Hamilton was no less critical. Writing in The Federalist No. 32, he argued that "a UNIFORM RULE of naturalization ... . must necessarily be exclusive; because if each State had power to prescribe a DISTINCT RULE, there could not be a UNIFORM RULE."63 In Chirac v. Lessee of Chirac,64 the Supreme Court affirmed the primacy of Article I, Section 8, Clause 4 of the Constitution (therein "The Congress shall have Power To ... establish a uniform Rule of Naturalization ... ."). The Court held that "the power of naturalization is exclusively in Congress."65 Later commentary reinforces this holding. "Few powers," writes Joseph Bessette, "are more fundamental to sovereignty than the control over immigration and the vesting of citizenship in aliens (naturalization)."66
No practical example of their criticism stands out more clearly than the granting of driver’s licenses to illegal aliens in one state, with less strict requirements for issuance, which then serve as a grant to
operate a vehicle in every state and, in most instances, as identification in every state, even in those states with more strict requirements for issuance to their own citizens.67 As the 9/11 hijackers correctly guessed, their driver’s licenses and boarding passes were all they needed to enter the Dulles flight before they slammed it into the northwest corner of the Pentagon.68 In this instance, terrorists holding Virginia-issued driver’s licenses were accorded the dignity federal law gave any holder of an ostensibly valid ID: admission and passage. Though The Real ID Act of 2005 is intended to fix this disconnect69 and establish uniform rules for issuance of driver’s licenses and those licenses used as personal IDs, compliance by the states is not required before May 11, 2008.70 The Act is not without its detractors. State reaction to this measure is mixed and demonstrates a reluctance to adopt norms declared expensive and absent meaningful protections against fraud.71
Refusal by some states and their subdivisions to enforce federal law and the apparent reluctance of the federal government to require greater cooperation from and among these political entities reveals a profound challenge to American federalism and the pressing need that the threats arrayed against the United States be fully understood by those who stand to lose the most. The patient, asymmetric warfare of terror presents the most daunting challenges this nation has faced since the earliest days of the Cold War, as a former ally and superpower became a sworn foe. The deliberate efforts now underway to more nearly secure the Southwest border and enlist states and their localities in this national enterprise are not a delayed recognition of the harm terrorists and lesser criminals pose to the United States.72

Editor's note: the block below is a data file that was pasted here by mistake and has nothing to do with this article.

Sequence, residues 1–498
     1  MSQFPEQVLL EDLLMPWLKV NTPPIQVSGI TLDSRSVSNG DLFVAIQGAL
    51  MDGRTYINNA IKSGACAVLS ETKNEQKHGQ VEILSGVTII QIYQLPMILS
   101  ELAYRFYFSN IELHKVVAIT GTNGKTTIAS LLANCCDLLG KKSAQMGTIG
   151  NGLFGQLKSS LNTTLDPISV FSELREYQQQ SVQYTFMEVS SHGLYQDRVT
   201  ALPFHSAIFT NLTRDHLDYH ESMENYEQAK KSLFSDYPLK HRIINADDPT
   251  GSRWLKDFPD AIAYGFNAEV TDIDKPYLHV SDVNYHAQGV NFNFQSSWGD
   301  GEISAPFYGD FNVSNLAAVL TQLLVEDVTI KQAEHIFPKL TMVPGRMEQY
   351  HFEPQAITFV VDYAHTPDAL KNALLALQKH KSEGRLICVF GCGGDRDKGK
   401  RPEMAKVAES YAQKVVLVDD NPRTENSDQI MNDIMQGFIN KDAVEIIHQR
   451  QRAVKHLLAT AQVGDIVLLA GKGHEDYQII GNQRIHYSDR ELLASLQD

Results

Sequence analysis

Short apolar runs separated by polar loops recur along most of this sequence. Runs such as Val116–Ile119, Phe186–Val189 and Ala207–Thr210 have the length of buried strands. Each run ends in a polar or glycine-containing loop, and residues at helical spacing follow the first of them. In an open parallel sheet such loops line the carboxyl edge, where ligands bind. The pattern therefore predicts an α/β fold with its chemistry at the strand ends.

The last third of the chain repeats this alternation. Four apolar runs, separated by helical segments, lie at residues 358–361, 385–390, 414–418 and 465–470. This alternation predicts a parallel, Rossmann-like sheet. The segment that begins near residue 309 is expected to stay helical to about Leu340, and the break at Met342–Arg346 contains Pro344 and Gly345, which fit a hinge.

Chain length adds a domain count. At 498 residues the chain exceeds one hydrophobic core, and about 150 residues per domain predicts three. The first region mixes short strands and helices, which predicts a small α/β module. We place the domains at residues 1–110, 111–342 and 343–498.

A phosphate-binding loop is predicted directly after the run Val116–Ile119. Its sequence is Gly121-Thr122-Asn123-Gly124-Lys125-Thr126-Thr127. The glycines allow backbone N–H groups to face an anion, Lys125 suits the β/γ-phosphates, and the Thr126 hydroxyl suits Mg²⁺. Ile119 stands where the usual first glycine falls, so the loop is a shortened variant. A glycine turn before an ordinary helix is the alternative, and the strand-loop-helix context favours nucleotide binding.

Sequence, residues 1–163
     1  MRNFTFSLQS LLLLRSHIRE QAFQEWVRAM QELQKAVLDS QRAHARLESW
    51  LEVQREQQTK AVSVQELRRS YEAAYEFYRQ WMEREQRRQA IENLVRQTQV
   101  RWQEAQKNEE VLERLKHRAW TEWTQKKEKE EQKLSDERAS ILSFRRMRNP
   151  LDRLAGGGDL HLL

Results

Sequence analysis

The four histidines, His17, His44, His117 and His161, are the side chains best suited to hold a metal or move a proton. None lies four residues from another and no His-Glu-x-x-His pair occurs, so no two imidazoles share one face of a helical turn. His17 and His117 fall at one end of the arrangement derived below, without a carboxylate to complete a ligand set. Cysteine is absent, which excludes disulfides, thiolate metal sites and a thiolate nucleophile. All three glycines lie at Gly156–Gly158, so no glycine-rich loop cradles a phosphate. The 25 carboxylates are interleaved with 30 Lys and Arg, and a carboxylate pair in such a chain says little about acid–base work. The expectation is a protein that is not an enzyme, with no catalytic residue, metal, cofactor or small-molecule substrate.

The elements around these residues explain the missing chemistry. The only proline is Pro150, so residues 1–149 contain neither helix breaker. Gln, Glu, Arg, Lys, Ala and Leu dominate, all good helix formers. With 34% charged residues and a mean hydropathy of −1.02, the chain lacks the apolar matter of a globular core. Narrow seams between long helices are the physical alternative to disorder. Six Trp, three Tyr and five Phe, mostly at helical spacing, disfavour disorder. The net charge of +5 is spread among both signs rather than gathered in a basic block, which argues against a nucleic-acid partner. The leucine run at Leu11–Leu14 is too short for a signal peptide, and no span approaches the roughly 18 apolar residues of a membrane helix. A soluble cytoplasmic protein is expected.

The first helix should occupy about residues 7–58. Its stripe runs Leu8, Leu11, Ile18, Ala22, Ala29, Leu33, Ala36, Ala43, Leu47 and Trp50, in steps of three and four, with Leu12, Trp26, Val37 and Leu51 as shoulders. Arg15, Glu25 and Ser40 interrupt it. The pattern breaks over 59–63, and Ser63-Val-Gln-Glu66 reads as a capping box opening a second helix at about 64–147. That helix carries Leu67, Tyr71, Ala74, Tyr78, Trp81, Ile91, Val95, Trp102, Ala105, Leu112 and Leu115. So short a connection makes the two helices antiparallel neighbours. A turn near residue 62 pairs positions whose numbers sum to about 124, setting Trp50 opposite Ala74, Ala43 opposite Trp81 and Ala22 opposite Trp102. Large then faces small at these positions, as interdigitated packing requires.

Instead, they comprise the sometimes painful sorting out within a democratic republic of those measures properly calculated to combat these threats and simultaneously maintain the support and consensus of a nation truly at war. Where America’s enemies perceive drift, they mistake it for the proper processes of a democracy at work. Nevertheless, it serves American interests well to know that terrorists will not wait and that urgency is imperative.
As the public and the government it supports struggle to reach consensus on the wrenching issues of who enters and remains in America and how it is accomplished that some are barred and others enter without difficulty, America’s enemies watch. Critically important and necessary, such deliberation,
in the context of federalism, succeeds as it produces a wise and working consensus. For federalism is not only the balancing of the national government’s relationship with the states, but the deeper one of creating and maintaining a "political community," a community of the governed that can summon, where constitutional, the certain response of their government and upon which the government may, with the consent of the governed, accomplish works great and small.73
The continued success of the political community of the United States is the predicate for immigration. Without that success, without the security and sovereignty of America’s international borders and without consensus that identifies the challenges facing America and the solutions to those challenges, no meaningful progress can occur. What must be assumed in this debate over how we secure this nation’s borders, and not only fight, but defeat terrorism, is the agreement that America’s borders must be secure. What must be
demonstrated is that federal and state conviction is equal to the challenge of the threats America confronts.